It’s one thing to take COVID-19 precautions in the air: Travelers have to wear the obligatory mask on the plane, but some also wear gloves, along with the occasional face shield.
But once you get to where you’re going, it’s likely you’ll spend more time in a hotel. The Centers for Disease Control and Prevention offers guidance for hotels and resorts on developing a plan to keep COVID-19 at bay. But one size doesn’t necessarily fit all. So, the plan for each hotel probably looks a little different.
Bob Gross and his wife, Melanie, run the Inlet Tower Hotel, at the corner of West 12th Avenue and L Street in Anchorage.
“Every day, we get up and there’s a new normal — and we’re making changes,” he said.
During the summer, the hotel hosted lots of North Slope workers who had to quarantine in their rooms. “They stayed in their rooms for 14 days. We came and put food under their doors,” Gross said. “There were no problems, and no reported positives (for COVID-19) for the staff or guests.”
Gross said the staff has made many changes to keep the hotel clean: hand sanitizer on every floor, at the entrance to every public space and at the front desk.
But the new “restaurant reality” called for something different. Out on the lawn, you can see six “Inlet Igloos” where a family can enjoy a meal from the Pub House restaurant. “We’ve got two more being built,” said Gross. The igloos are heated and are lit up at night with more than 1,000 LED lights.
In Midtown, at 101 E. Tudor Road, the new Hyatt Place Hotel opened a little over a year ago in May 2019 with 150 rooms. “Guests will notice a lot more signage and hand sanitizer around the hotel,” said Leann Sommer, the hotel’s director of sales.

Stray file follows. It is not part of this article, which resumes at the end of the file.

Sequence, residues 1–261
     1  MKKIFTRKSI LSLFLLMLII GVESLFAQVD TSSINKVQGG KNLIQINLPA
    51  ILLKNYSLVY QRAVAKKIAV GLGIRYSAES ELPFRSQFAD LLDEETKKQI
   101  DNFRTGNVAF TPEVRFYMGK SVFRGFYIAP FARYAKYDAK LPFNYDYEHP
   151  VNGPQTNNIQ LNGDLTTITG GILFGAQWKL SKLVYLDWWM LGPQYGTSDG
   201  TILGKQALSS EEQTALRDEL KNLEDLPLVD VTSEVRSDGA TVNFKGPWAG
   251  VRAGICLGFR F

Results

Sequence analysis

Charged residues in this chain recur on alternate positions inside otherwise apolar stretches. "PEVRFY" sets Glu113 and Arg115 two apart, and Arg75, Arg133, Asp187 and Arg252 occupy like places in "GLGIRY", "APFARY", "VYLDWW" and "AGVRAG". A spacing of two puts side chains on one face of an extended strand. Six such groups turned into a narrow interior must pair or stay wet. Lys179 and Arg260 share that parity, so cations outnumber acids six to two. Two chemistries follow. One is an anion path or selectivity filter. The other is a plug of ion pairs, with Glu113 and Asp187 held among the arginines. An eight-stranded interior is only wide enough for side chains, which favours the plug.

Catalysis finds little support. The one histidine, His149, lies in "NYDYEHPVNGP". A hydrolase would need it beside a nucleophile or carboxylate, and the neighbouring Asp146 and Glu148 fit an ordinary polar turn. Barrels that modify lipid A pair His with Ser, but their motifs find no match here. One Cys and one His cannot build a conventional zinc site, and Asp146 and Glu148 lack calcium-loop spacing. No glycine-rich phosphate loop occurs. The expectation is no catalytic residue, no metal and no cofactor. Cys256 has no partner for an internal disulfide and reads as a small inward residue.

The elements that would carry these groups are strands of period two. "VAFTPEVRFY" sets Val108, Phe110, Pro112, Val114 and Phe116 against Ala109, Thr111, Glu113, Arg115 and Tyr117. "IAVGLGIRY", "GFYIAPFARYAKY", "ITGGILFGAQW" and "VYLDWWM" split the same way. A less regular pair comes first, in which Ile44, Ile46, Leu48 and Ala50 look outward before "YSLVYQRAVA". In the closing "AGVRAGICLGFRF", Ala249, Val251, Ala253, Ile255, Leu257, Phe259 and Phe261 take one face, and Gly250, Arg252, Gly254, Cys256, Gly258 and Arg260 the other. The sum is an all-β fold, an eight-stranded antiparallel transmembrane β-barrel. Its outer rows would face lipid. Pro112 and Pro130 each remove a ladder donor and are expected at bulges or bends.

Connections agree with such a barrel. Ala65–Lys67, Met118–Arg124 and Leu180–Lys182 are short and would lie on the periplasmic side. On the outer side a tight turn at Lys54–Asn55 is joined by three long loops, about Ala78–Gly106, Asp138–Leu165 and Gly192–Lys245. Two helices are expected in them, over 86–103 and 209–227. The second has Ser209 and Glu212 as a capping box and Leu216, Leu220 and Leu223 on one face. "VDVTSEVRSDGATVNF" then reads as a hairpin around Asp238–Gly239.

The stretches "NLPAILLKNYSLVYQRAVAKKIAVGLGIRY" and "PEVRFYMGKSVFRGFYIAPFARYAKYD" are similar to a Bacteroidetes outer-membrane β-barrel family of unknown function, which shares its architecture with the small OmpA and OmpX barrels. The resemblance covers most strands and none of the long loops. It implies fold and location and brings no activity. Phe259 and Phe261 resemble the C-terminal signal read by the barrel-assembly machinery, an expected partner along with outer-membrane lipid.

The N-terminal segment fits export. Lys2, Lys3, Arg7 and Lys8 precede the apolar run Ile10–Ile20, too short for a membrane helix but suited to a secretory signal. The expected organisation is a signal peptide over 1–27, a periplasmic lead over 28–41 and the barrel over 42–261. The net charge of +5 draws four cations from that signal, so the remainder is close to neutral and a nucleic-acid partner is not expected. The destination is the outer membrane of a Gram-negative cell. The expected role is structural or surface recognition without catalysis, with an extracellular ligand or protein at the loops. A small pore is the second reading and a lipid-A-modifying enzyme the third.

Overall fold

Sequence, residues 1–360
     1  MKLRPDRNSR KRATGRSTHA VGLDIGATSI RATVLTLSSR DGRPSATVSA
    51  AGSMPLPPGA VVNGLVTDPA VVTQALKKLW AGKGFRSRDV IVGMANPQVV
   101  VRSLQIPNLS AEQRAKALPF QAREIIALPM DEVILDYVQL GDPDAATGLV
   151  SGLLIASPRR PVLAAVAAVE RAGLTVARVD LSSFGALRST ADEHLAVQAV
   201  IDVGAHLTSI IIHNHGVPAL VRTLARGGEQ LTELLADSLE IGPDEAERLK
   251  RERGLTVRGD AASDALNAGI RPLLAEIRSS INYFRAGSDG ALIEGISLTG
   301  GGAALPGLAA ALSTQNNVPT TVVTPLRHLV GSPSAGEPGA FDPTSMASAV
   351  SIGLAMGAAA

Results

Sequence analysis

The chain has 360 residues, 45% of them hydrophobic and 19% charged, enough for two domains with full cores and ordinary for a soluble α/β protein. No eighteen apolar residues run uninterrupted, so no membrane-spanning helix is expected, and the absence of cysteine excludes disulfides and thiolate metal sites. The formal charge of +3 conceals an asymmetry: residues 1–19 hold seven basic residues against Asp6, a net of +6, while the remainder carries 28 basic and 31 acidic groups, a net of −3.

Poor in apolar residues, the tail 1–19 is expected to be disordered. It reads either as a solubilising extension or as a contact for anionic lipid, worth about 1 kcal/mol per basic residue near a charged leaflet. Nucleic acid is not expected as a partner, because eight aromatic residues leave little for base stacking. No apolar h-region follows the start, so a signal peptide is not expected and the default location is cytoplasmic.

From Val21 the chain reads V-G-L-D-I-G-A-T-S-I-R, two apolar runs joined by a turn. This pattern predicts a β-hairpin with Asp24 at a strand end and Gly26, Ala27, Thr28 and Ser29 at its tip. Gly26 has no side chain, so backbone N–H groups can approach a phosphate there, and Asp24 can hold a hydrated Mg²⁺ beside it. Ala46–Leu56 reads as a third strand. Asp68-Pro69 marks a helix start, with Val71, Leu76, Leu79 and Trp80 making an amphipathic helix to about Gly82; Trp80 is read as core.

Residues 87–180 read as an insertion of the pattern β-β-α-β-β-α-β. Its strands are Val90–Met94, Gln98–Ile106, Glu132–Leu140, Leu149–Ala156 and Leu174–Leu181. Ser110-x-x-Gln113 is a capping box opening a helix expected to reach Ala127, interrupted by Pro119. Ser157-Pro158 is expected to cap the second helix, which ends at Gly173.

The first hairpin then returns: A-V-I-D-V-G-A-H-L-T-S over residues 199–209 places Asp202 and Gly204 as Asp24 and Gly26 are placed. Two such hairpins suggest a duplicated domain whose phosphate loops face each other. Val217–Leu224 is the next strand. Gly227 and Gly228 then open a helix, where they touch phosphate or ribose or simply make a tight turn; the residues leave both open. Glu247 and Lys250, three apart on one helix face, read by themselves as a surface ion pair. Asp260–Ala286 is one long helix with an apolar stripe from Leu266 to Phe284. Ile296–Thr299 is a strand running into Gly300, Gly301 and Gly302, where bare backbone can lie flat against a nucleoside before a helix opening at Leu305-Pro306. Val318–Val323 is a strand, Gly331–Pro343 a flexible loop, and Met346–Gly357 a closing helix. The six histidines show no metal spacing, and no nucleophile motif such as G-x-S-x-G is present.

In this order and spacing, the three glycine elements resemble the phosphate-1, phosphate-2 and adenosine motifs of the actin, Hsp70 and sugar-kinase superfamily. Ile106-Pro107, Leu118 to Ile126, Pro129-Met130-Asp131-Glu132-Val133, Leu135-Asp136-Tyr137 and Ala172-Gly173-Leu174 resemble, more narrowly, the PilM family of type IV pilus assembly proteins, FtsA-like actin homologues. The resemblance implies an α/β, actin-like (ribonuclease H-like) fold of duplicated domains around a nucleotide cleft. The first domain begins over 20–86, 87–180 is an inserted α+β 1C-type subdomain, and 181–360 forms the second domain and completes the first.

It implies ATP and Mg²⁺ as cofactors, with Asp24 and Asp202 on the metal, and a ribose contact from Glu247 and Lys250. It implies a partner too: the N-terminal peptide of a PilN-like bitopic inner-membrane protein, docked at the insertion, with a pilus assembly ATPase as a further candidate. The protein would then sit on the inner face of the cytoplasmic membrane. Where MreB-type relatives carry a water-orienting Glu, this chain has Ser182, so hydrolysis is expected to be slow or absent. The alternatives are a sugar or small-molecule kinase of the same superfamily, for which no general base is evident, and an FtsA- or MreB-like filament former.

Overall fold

As part of the Hyatt family of hotels, the Hyatt Place abides by the company’s “Global Care and Cleanliness Commitment,” which includes accreditation through the “Global Biorisk Advisory Council."
“We have training on hygiene and well-being,” said Sommer. “There’s also mobile check-in and check-out, and guests can use their phone as their room key.”
The Harbor 360 Hotel in Seward usually is filled with tourists each summer. But it’s open year-round and the wintertime guests are all business. “Right now, most of our guests are Coast Guard or grocery store employees,” general manager Kyle Nuckols said.
“The most impactful difference for guests is the suspension of stayover services,” Nuckols said. “The room is untouched for the duration of the stay.” Even so, guests can request housekeeping services, as well as fresh towels and trash collection.
Recently, the City of Seward lifted its mandatory mask policy, but the hotel continues to mandate face coverings for both staff and guests. “We offer disposable masks to our guests,” Nuckols said.
The Harbor 360 Hotel has a comprehensive COVID-19 response page on its website detailing its policies.
Even though Cordova is a short flight from Anchorage (about 50 minutes), you have to spend the night since there’s just one flight in and one flight out per day.
Sylvia Lange runs the Reluctant Fisherman Inn, a 47-room hotel that’s right on the water overlooking the Cordova harbor.